Early to Death, Early to Rise

Overall, the second book in the Madison Avery series is entertaining but cliche. Early to Death, Early to Rise by Kim Harrison falls short of divine.

Madison is dead, but her spirit remains fixed on earth by a special amulet. But this amulet comes with a special responsibility: it makes her the Dark Timekeeper. It’s her job to lead a teem of Reapers, or dark angels who scythe the souls of future criminals, saving their souls before they can sully them. But Madison wants to change things, she wants to give these people a choice, a future. She must convince with Barnabas, a former Light Reaper who believes in choice, and Nikita, a former Dark Reaper who believes in Fate, to work together to change a tradition thousands of years old.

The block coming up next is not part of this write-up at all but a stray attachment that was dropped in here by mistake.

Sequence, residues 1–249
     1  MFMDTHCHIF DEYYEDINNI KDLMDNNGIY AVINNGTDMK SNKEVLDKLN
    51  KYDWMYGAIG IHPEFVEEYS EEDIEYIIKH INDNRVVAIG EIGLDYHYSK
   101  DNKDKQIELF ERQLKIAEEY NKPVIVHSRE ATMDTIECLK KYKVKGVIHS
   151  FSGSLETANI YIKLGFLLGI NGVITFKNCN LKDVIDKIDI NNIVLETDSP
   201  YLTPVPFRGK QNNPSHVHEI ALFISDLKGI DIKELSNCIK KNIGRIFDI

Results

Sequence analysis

Fate vs. Free will. Dark vs. Light. Life vs. Death. None of these themes are original. And author Kim Harrison hasn’t managed to put an interesting twist on these age-old ideas either. Madison’s struggles with her new position, and her attempts to change things keep the plot moving, but not particularly memorable. And the euphemisms she throws around (“son of a puppy,” “puppies from Hades,” “pile of shephard dung,” and even “poppycock”) are just plain silly.

The best parts of the book come when Madison deals with normal teenage issues: a budding romance with hunky Josh, sneaking out of the house without getting caught, and getting upset over her ruined shirt. Her emotions are realistic, and the reader can connect with her because of this.

Early to Death, Early to Rise is one book in the growing pile of young adult fantasy novels that feature angels. Madison Avery doesn’t stand out from the horde of heroines, but her story is entertaining anyways.

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